Growing up in Australia, reading involved having to grasp the U.S. vernacular from an early age. Reading my favorite Sweet Valley High and Trixie Belden books, I knew what Twinkies, sofas and trunks all meant even though Australia didn’t have Twinkies and we sat on couch and put our luggage in the boot of our car.
With the advent of the Internet, Americans now get the opportunity to learn the differences between U.S. and Australian English. To help you out a bit, let’s have a look at some of the most common weird words Australians use.
Thongs: The funniest usage confusion I have ever come across with this word was when I was researching for my novel, The Ring of Lost Souls. I was on an urban explorations site (urban exploration means people who like to explore derelict buildings) and due to a nice mix of Aussies and Americans, there was some confusion as to why you would suggest entering a rundown building wearing just your underwear. Well, here in Australia, to wear thongs means you are wearing flip flops on your feet. So that person had been suggesting the building was so rundown you needed decent footwear.
Chooks: I was on an organic gardening site when this word came up in conversation. No, chooks are not a type of plant, they are what we call chickens. Whether we are keeping a flock of backyard chickens or talking about what type of meat we are roasting, it all comes under the blanket of chooks over here.
Bludger: While reading Harry Potter, it is likely that most Aussies had a little chuckle whenever Quidditch was mentioned. After all, in Australia, a bludger is someone who is particularly lazy. If they rely on welfare as their main source of income, they are also likely to be called a “dole bludger”.
Dag: In sheep shearing terms, a dag is a knotted piece of fleece quite often found at the tail end of the sheep matted together with excrement. So, to call your friend a dag should be considered an insult. But, it actually isn’t. A dag is a friend who is a little bit nerdy, a little bit clumsy or has just done something that is mildly embarrassing.
Arvo: Australians love to abbreviate their words or end them in “o”. We’re lazy when it comes to speaking, basically. Most Aussies have mates (friends) who are called Robbo or Johnno. Arvo is simply short for afternoon.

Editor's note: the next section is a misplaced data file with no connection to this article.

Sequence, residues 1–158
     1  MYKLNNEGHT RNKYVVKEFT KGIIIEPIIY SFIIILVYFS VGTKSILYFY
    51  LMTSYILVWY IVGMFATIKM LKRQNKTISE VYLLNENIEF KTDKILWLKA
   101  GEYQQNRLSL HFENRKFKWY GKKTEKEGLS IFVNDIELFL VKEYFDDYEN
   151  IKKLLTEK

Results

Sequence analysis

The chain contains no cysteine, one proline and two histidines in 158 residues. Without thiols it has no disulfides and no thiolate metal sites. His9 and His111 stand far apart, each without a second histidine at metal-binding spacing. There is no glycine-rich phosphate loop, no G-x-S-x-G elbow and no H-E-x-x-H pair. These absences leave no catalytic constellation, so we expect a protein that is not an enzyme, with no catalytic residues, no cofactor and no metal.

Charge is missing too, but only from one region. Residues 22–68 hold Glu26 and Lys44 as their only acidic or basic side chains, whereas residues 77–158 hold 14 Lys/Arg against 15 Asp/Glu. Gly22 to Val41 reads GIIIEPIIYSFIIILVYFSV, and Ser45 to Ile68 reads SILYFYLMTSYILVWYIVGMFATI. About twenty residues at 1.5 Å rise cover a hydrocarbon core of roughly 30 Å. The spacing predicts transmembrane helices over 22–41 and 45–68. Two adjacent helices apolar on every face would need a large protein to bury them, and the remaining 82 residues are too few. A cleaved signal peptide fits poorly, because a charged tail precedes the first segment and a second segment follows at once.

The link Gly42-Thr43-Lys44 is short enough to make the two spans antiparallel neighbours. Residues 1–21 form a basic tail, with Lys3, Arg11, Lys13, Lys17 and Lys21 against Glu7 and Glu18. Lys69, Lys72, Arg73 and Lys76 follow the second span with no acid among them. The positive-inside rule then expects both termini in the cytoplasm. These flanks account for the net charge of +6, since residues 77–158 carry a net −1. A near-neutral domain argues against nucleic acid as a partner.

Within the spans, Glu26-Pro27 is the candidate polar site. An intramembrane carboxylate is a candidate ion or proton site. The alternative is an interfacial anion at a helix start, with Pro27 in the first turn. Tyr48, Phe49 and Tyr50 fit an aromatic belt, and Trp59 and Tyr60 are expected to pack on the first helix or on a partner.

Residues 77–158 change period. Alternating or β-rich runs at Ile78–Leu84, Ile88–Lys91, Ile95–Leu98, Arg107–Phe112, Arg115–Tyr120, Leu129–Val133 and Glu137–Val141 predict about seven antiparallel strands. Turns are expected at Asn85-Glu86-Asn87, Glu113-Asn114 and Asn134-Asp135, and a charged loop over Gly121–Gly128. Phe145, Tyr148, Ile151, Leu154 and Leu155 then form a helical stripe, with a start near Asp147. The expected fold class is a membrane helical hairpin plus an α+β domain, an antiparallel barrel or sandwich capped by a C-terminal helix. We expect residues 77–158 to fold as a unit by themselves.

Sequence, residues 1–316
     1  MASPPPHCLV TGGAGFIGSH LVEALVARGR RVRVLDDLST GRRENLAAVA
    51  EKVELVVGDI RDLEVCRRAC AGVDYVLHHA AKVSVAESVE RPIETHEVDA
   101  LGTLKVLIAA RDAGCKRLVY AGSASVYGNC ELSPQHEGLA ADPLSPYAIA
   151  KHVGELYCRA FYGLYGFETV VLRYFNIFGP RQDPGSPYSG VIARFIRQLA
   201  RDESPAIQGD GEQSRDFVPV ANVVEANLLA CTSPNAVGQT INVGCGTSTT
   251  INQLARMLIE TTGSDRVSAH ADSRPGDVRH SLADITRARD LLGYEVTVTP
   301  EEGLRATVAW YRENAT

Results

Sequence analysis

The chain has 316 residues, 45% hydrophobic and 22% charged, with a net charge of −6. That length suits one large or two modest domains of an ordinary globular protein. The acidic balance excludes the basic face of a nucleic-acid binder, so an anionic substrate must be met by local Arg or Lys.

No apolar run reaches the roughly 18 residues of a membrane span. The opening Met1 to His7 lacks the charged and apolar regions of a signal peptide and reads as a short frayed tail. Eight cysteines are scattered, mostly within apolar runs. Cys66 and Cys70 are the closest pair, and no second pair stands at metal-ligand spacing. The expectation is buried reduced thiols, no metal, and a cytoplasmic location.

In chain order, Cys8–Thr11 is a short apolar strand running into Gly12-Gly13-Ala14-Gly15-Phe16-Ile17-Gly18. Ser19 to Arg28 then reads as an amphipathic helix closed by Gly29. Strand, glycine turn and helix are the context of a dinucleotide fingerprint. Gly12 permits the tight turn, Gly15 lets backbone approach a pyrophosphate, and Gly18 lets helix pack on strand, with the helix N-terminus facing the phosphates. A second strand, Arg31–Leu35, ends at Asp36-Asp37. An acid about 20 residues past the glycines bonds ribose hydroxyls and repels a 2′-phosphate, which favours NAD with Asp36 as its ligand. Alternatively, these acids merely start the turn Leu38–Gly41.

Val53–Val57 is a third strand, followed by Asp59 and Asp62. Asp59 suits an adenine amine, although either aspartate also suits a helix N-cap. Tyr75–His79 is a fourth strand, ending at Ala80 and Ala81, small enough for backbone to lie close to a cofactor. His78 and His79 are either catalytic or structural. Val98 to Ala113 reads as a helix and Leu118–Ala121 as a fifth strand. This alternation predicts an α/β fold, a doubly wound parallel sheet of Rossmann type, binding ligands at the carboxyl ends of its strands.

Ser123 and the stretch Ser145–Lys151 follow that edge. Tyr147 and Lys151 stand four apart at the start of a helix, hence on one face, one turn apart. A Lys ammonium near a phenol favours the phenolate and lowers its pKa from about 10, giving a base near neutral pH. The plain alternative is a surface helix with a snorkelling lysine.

Cuppa: In the arvo, it is likely an Aussie will take a break and have a cuppa. This is the term we use for a hot beverage. To ask your friend if they want a cuppa, means you want to know if they would like a cup of tea or coffee.
Esky: This is where Aussies keep their drinks cold when they are going to the beach or camping. It is an insulated box with a handle that is filled with ice from the servo (service or gas station) and topped up with — usually — beer.
Bottle-o: A bottle-o is where we buy our alcohol from to put in our esky.
Coriander: If you decide to visit Australia and are looking for Cilantro in the supermarket, try looking for Coriander instead.
Bogan: A bogan is a hard one to fully explain. If any of you have watched the Australian program, Housos, that’s what a bogan is. Otherwise, if you pass someone in Australia who looks like any of these people:
then you have met your first bogan. Be warned, they swear. A lot. And by swearing, I mean they don’t consider “sh*t” to be a swear word.
Bum bag: have you ever been speaking to an Australian and they laughed at you because you went to get your fanny bag or fanny pack? That’s because we call it a bum bag. The reason we don’t call it a fanny bag is because, in Australia, a fanny is a slang term for female genitalia.
Bush: To visit the bush means we are going to the forest. It is also slang for pubic hair, so make sure the Australian you’re speaking to isn’t being sarcastic when they suggest they’d “like to go bush.”
Trackies or Trakky daks: Sweat pants.
Snags: We can use snag to describe something catching on something else, we can also use SNAG as an acronym for Sensitive New Age Guy. But, most often, we are talking about the sausage we are cooking up on the barbie (BBQ).
With snag, it brings us to the strange foods section of weird things Aussies say. Because, without even realizing it (if you were raised in Australia), our food can sound particularly homophobic and racist.
Golden Gaytime: This is possibly the best ice-cream you will ever buy in Australia. It is vanilla ice-cream, coated in caramel ice-cream and then encrusted in a thin layer of chocolate and a thick layer of biscuit crumbs. It also comes with the slogan “It’s hard to have a Gaytime on your own” and the following advertisement:
Fairy Bread: I once wrote an article on themed food to have at a True Blood finale party. I got a whole pile of questions over what fairy bread was. I am so sorry you guys have no idea what this deliciousness is. Basically, you get white bread, spread a thick layer of margarine on it and cover it in sprinkles (either the splinter variety or the ones we call 100s & 1000s but are actually tiny balls of sugar that are brightly colored). This is usually served as an item at a child’s birthday party.
Chicos: You guys have jelly babies right? These are chocolate flavored jelly babies. Totally racist, I know, but they are so delicious!
While there are many more Aussie words that have confused my American friends over the years, this here is just your starter guide to some of the weirder words Australians use in everyday conversation.
Let me know if I have missed any words. Or, have you had a hilarious conversation that was only funny because it got lost in translation? Let me know by commenting below.